Monthly archives: November, 2014

Fall 2014 CRWG Newsletter Now Available

The Fall 2014 edition of the CRWG Newsletter, Building Research Connections, is now available. Check it out here: Building Research Connections Fall 2014.


BIRCWH Scholar Kirstie Danielson’s NIH presentation available online

BIRCWH scholar Kirstie Danielson’s NIH presentation can be viewed here.  Her talk begins approximately 4 hours and 15 minutes into the video.


Status of Women in the Geosciences

Ioana StefanescuFriend of WISE, Dr. Roy Plotnick, WISE student, Ionana Steanescu (pictured at left) and Dr. Alycia L. Stigall of Ohio University (whose lab alumni include former WISE Chic President Jennifer Bauer), have published a paper on the status of women in the geosciences by examining who has been presenting at the North American Paleontological Convention (NAPC). NAPC is held every four to five years and is the one conference where all the different flavors of geoscience gather together.

What they found is that participation of women has increased over the years and that this increase is due to collaboration. Women’s increase in presenting at the meeting is not reducing men’s participation as 90% of the abstracts included a male name. This does mean that women were more likely to be part of a group of presenters than to be solo authors. The other finding of note is that the increase in women’s representation appears to be attributable to an increase in student authorship.

While the news is good in the geosciences in terms of women’s participation in this specific and important meeting, the authors do note that there is still a lack of women in leadership positions and being keynote speakers. This speaks to one aspect of WISE’s work. While we want to see the number of women go up in STEM, we also want to see women’s role in leading their respective fields go up as well.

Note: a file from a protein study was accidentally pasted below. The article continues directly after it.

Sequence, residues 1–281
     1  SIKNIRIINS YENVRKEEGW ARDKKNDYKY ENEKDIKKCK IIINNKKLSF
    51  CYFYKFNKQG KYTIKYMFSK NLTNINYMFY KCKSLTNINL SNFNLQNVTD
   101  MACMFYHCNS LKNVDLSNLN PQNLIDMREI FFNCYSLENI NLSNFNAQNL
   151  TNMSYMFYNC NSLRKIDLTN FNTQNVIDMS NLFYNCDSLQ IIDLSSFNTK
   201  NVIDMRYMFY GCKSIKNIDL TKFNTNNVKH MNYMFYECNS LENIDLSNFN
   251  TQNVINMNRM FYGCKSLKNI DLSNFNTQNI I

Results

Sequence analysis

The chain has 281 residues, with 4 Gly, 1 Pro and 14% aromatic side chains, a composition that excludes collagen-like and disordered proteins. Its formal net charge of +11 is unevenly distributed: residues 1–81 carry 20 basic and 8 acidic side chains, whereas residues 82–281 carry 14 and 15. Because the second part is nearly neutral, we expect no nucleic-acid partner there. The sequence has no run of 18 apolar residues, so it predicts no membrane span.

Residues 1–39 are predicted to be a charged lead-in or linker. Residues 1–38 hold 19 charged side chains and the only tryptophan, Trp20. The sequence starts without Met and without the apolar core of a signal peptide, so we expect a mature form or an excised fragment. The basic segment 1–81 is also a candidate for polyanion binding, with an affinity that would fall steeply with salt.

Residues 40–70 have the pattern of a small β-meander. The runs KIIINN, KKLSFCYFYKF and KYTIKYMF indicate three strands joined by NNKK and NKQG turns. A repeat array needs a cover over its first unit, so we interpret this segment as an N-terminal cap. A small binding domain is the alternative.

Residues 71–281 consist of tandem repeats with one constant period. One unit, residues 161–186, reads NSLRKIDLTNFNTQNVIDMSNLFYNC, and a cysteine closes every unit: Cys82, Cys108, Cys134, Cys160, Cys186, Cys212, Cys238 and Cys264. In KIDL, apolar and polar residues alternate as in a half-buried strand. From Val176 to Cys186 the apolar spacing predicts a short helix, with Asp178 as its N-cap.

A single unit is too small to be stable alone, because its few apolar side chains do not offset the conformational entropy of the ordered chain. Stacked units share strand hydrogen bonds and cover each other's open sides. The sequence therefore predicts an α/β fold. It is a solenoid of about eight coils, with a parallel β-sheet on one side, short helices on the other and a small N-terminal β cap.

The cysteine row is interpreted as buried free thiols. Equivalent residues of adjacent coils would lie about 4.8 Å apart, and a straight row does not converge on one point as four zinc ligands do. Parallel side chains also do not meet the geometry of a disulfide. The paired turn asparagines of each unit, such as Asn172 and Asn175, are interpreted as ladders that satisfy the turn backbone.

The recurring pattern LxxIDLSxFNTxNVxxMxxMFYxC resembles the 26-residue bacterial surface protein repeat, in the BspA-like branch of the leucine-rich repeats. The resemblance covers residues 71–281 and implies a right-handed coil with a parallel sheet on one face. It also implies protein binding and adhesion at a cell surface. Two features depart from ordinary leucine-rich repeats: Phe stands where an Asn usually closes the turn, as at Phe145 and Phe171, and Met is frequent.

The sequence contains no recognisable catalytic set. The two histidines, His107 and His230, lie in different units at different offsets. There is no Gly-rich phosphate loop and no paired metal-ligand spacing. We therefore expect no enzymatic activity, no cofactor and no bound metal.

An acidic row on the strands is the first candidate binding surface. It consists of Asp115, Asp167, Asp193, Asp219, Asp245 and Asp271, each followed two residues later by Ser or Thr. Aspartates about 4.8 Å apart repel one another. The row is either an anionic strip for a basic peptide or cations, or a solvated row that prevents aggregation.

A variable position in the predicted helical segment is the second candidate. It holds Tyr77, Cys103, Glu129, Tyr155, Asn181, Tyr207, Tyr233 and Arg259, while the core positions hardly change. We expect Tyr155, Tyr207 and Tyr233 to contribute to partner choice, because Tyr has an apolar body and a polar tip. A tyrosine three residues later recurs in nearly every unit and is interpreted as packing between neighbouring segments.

Evolution of paleontology: Long-term gender trends in an earth-science discipline
Roy E. Plotnick, Alycia L. Stigall, Ioana Stefanescu


CRWG Partners with Mujeres Latinas en Accion on Economic Security Report

Mujeres1

The Center for Research on Women and Gender partnered with Mujeres Latinas en Accion, the longest-standing Latina organization in the country, on their latest “Latina Portrait” annual policy report. This year’s report focused on economic security. CRWG Assistant Director Veronica Arreola wrote the introduction to the report and attended the report release press conference in September.

Mujeres2

The study found that Latin@s* are overrepresented in Chicago’s low-wage workforce. While they make up 26% of the city’s population, 42% of low-wage workers are Latin@. Undocumented Latin@s are most at risk for living in poverty. Due to their status, undocumented Latinas often must choose undesirable low-wage work or informal work in which they cannot fight for better pay or working conditions due to threat of being fired or deported. These low-wage industries also often expose Latinas to exploitation from supervisors. Undocumented Latin American women are at an increased risk of experiencing wage theft or being paid less than minimum wage, as well as sexual violence. This situation has local implications, as women comprise nearly half of the undocumented population in Illinois.

The impact of low-wage work on Latinas is exemplified by the monthly cost of childcare in Illinois, which can total $1,469, while a full-time minimum wage earner will make just $1,430 a month. The high cost of child care may keep Latinas in low-wage work because it limits the type of work they can do, in attempt to minimize childcare costs.

The “Latina Portrait” did not just paint a bleak state of affairs. It ends with a number of policy recommendations including raising the minimum wage, establishing earned sick-time, and creating a domestic workers bill of rights. Recommendations for action are detailed for allies who work in local government, labor and service organizations, and academia.

To read the full report, visit Mujeres Latinas en Accion and click on “Latina Portrait: Latinas and Economic Security.”

*Using Latin@ instead of “Latino” recognizes both Latinos and Latinas. For this Latina Portrait, Latin@ was used to differentiate between Latin@s of all genders and when just talking about Latina women.